The Pentagon’s temptation for industrial war

Robert Gates, former United States Secretary of Defense, warned against nextwaritis, the syndrome of focusing attention on the “wars of the future” and leaving the current ones unattended. He was referring to the obsession with high-tech weapons and the “Chinese threat” when the war in Afghanistan was still running its course and Irak was still not pacified. But the reasons given by Gates for not looking into the future seem to not make much sense anymore.

The recent State of the Union Address announced the withdrawal of 34,000 additional troops from Afghanistan. 2014 was set as the date for turning over full responsibilities to Kabul’s government. And it seems like regardless of the state of affairs, a “mission accomplished” will be proclaimed and attention will be focused somewhere else. Even if special forces, private contractors and drones will remain in place. We will see American think tanks producing a flurry of ideas and prospective exercises about the conflicts of the future. But what is clear is that there already is a winner in this process: Asia-Pacific.

On November 12th 2011, while at a summit of the Asia-Pacific Economic Cooperation forum, president Obama announced that “we’ve turned our attention back to the Asia Pacific region,” and explained that this renewed interest for the region would have two concrete consequences: a free trade agreement, and a pivot to Asia, a redeployment of military forces from Europe and the Middle East.

A U.S. Air Force B-2 Spirit and two F-15E Strike Eagle fly in formation over Andersen Air Force Base, Guam.  (U.S. Air Force photo by Tech. Sgt. Cecilio Ricardo)
A U.S. Air Force B-2 Spirit and two F-15E Strike Eagle fly in formation over Andersen Air Force Base, Guam. (U.S. Air Force photo by Tech. Sgt. Cecilio Ricardo)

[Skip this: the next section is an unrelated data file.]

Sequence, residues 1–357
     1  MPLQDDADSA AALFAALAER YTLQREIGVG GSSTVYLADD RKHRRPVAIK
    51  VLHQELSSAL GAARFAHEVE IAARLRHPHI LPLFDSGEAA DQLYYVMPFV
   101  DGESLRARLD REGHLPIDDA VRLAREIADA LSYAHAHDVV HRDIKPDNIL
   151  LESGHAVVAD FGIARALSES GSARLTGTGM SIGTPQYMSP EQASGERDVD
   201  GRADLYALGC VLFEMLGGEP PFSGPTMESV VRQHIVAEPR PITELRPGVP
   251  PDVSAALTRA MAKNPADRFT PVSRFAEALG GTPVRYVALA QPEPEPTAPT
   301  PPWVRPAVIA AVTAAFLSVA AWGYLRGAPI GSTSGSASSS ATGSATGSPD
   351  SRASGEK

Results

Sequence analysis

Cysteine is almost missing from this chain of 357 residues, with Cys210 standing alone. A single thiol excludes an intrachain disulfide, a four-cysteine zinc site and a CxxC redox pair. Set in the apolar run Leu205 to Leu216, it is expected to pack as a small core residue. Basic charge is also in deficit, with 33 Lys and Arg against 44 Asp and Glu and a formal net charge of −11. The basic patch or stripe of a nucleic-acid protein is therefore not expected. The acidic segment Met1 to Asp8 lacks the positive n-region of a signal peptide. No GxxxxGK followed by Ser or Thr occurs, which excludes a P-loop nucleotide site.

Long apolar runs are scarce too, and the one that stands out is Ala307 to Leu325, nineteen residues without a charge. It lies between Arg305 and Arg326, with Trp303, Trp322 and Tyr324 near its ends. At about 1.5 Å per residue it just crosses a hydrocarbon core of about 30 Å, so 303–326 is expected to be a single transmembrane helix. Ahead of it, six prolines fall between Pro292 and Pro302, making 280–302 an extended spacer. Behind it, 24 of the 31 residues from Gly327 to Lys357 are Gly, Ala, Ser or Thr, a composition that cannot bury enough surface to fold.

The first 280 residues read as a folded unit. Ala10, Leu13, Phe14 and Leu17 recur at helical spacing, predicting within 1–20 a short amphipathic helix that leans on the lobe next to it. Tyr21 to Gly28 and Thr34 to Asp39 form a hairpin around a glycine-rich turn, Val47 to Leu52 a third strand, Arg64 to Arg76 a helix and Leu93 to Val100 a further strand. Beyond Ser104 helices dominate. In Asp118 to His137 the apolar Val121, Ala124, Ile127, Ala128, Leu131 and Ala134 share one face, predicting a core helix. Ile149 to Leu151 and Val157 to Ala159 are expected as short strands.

What does it mean to leave Afghanistan and Irak behind for focusing on Asia-Pacific? It means to stop thinking in counterinsurgency campaigns against irregular forces in which it is crucial to gain over the support from the local population. It means to stop thinking about the phenomena that interrelates with armed conflicts that arise in postmodern wars, like drug-trafficking in Afghanistan and piracy in Somalia. During the ten years of the first phase of the Global War on Terror (2001-2011), the United States’ air force did not shoot down a single enemy airplane, and the Navy did not shoot a single anti-ship missile or torpedo. Instead, they were dedicated to carrying out missions of transport, intelligence-gathering and distribution of humanitary aid. Now nobody hides the fact that talking about Asia-Pacific is an euphemism for talking about a hypothetical high-tech war with China. The model is already in place. It is called Air-Sea Battle, the brainchild of those who coined the concept of Revolution in Military Affairs.

The actual armed forces of the United States are not prepared to develop the Air-Sea Battle, and doing it will imply incurring staggering costs. It is easy to imagine the entrenched interests that will push to go ahead with it, for which Thomas Barnett has called it the military-industrial complex’s self-serving fantasy. The problems with Air-Sea Battle are evident. It is not backed up by a study of the evolution of the international scene and armed conflicts. It is a simple war hypothesis that does not analyze China’s likely evolution, that of its armed forces and its relations with the United States. And what is worse, it could become a self-fulfilling prophecy because it has not gone unnoticed at all in China. Air-Sea Battle is a product of the same school of thought that, during the 90’s, thought of the next great technological war, and that led the Bush Administration to promote the development of an anti-missile defense shield in 2001 based on the inexistent threat of North-Korean and Iranian nuclear missiles, months before 9/11.

Published originally by Jesús M. Pérez in
Translated from Spanish by Alan Furth.